*** Please scroll down to access Advance and Future Care Planning Forms, COVID-19 Treatment Escalation Plan and for Covid-19 updates ***
This page includes information and links for Advance and Future Care Planning.
These resources and forms are for patients and healthcare professionals, with the aim of providing a One Wales sharing and involving approach.
The documents have been peer reviewed by the Advance and Future Care Planning Strategy Group (AFCP) for Wales, which sits under the auspices of the NHS Wales End of Life Care Board and the Deputy Chief Medical Officer for Wales.
The decision making to inform these forms involved extensive patient and carer engagement.
Advance and future care planning is predominantly about frank and honest conversations, delivered compassionately.
Being able to document such discussions, however, is also important, and resources must be instantly recognisable by doctors, nurses and paramedics when they arrive in an emergency.
The title of the form links to the latest version, and we have included a short description for reference and guidance notes where relevant.
Two of the forms can be patient facing, and healthcare professionals in Wales may wish to provide this page link to individuals who wish to fill in such prior decisions.
Both the All Wales Advance Decision to Refuse Treatment Form (ADRT), which is legally binding, and the Statement of Wishes Form (RACPAP), are filled in by patients, usually after explanatory discussions with healthcare professionals, and for clarity, they may be initiated by healthcare practitioners (HCPs) and can be filled in together.
Two further forms are available, a Future Care Planning form that can be filled in by healthcare professionals after attempts at wide consultation with a person’s next of kin or independent mental capacity advocate (IMCA), in order to establish and write down what said individual, who currently lacks capacity to make certain decisions, would have wanted or declined.
Only the ADRT is legally binding, the other forms are for decision guidance only, in essence a letter to a future person who may be involved in that individual’s urgent care, to elicit prior views, conversations and preferences.
We also recommend that individuals in Wales consider appointing a Lasting Power of Attorney (LPA) for Health and Welfare, who can act on their behalf if they lose mental capacity.
An LPA can be one of the more powerful ways to ensure that future treatments are discussed with a trusted individual(s) and it is legally binding.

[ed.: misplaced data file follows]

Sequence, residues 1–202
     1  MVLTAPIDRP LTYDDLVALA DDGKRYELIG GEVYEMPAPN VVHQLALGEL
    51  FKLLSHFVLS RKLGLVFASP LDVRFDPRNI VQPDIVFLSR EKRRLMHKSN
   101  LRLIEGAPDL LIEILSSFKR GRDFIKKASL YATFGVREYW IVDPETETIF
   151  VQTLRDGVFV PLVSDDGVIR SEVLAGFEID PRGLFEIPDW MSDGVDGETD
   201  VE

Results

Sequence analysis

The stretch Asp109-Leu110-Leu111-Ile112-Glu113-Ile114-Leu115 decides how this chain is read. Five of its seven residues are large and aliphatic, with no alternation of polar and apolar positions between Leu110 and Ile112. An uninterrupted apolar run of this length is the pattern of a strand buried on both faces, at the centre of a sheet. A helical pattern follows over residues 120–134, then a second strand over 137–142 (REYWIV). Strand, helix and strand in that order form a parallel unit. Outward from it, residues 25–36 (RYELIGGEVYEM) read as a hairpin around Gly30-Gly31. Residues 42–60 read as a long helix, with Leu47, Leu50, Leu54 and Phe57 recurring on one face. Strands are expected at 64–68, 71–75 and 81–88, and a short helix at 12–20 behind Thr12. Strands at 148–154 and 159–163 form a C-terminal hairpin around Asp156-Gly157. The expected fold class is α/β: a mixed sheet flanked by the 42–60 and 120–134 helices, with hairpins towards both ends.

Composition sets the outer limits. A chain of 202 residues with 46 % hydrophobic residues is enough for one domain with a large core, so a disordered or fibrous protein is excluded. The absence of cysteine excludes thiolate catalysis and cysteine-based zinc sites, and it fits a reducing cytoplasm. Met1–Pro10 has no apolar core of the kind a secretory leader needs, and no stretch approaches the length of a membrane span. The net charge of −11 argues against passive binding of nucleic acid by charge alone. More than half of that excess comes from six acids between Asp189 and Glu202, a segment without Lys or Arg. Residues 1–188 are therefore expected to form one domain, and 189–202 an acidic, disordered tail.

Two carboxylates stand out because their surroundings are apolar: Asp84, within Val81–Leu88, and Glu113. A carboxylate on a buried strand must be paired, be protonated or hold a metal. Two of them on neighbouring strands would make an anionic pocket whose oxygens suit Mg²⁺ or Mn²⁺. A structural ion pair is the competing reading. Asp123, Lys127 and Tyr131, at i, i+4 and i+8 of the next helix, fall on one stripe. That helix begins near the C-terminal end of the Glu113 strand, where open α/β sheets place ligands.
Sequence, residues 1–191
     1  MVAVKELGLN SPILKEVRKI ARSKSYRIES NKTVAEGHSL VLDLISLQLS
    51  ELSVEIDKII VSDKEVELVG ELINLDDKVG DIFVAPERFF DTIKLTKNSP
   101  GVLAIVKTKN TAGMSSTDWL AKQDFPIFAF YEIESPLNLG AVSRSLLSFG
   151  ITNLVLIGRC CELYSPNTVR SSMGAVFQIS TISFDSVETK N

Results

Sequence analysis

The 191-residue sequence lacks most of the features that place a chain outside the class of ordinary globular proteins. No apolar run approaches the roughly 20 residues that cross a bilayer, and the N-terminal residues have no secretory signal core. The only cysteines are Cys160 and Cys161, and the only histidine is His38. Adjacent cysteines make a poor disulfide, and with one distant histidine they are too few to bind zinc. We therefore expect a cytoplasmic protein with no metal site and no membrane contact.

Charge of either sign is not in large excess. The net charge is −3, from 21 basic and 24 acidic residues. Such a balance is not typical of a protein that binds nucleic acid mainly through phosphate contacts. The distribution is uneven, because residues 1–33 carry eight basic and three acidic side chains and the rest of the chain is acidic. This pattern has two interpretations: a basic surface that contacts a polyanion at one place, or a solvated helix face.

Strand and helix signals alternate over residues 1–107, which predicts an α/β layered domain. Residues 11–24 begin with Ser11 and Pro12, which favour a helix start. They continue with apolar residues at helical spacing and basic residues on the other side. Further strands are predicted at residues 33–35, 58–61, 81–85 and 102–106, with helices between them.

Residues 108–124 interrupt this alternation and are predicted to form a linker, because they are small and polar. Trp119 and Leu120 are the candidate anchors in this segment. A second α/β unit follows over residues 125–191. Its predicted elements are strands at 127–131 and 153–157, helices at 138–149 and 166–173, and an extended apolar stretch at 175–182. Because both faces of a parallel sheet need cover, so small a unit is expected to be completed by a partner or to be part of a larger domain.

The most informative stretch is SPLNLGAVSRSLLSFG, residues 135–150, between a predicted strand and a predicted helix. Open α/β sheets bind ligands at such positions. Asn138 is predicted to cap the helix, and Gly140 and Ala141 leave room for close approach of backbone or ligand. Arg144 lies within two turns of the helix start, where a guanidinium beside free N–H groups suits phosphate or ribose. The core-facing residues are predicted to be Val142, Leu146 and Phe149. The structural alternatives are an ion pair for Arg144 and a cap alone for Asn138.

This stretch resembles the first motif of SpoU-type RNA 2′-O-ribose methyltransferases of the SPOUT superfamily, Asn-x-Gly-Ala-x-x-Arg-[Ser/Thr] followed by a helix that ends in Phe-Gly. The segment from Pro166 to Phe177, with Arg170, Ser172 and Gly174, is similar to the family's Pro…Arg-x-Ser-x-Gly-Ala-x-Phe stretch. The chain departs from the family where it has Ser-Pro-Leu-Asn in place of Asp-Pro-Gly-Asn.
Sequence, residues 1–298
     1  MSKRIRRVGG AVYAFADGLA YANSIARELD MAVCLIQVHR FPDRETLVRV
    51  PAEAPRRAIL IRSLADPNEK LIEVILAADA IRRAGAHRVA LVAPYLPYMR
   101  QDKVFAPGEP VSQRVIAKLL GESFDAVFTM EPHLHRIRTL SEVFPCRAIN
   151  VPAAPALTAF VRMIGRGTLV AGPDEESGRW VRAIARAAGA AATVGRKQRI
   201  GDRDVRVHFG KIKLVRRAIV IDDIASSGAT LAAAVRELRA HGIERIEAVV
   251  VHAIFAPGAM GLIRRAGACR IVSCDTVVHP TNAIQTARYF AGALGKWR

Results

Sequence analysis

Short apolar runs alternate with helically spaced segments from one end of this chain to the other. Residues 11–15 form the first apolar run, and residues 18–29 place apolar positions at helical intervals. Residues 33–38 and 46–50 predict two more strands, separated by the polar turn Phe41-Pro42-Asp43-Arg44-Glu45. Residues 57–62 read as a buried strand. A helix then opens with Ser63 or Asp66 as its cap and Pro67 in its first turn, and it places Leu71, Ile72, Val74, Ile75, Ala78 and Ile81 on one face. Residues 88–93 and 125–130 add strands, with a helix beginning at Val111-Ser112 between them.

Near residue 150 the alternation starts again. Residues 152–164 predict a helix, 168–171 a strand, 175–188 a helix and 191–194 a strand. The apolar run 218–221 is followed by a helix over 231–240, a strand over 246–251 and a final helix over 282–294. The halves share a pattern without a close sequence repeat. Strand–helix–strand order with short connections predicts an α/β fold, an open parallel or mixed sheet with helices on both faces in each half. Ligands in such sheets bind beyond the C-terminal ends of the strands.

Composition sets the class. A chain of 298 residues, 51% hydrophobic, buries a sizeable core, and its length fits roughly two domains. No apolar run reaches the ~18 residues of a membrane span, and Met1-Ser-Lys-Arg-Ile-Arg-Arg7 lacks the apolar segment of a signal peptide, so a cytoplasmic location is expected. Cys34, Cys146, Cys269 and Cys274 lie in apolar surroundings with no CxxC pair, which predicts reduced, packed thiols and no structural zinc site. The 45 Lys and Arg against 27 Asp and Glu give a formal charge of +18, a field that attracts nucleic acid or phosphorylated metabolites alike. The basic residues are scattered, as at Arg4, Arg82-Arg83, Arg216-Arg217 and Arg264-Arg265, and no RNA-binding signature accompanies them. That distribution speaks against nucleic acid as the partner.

For information about how to set this up, contact the Office of the Public Guardian.
Also, the Older People's Commissioner in Wales has produced useful guidance here: An Easy Guide to Lasting Powers of Attorney.
The hospital/inpatient Treatment Escalation Plan (TEP) on this page was developed by Aneurin Bevan University Health Board in April 2020 in response to the pandemic. It has been reviewed by the AFCP Group and the Deputy CMO, and can be used in all inpatient settings in Wales. Again, this is merely a guide for practitioners to indicate what ceilings of treatment have been suggested and discussed previously and, importantly, it is a short-term document for one specific episode of care. Its recommendations may change daily if patient's health/frailty improves or worsens.
This is the All Wales Advance Decision to Refuse Treatment form as a PDF. It is possible to type into this PDF, but it requires ‘wet signatures’ at the end.
This is filled in by patients, and the signing needs to be witnessed and counter-signed. Please see the guidance notes for further information. We have adapted this form with kind permission from a charity, and it is the same format that NHS England recommends and is compliant with the Mental Capacity Act 2005.
This is not legally binding, but where patients have filled this in and ideally discussed details of it with their HCP, it provides a strong direction for future care and is valuable information in an emergency.
This PDF form can be used to type into, and is signed by the patient (optional, as some people may find the act of signing such a document troubling).
It is signed by a Healthcare Professional who has helped or had sight of the form, in order to then include it in contemporaneous health records and share appropriately.
These forms may be suggested by nurses, doctors and other HCPs, and can be filled in together and filed or scanned into all contemporaneous notes, ideally prominently at the front, together with other forms, such as existing DNACPR forms.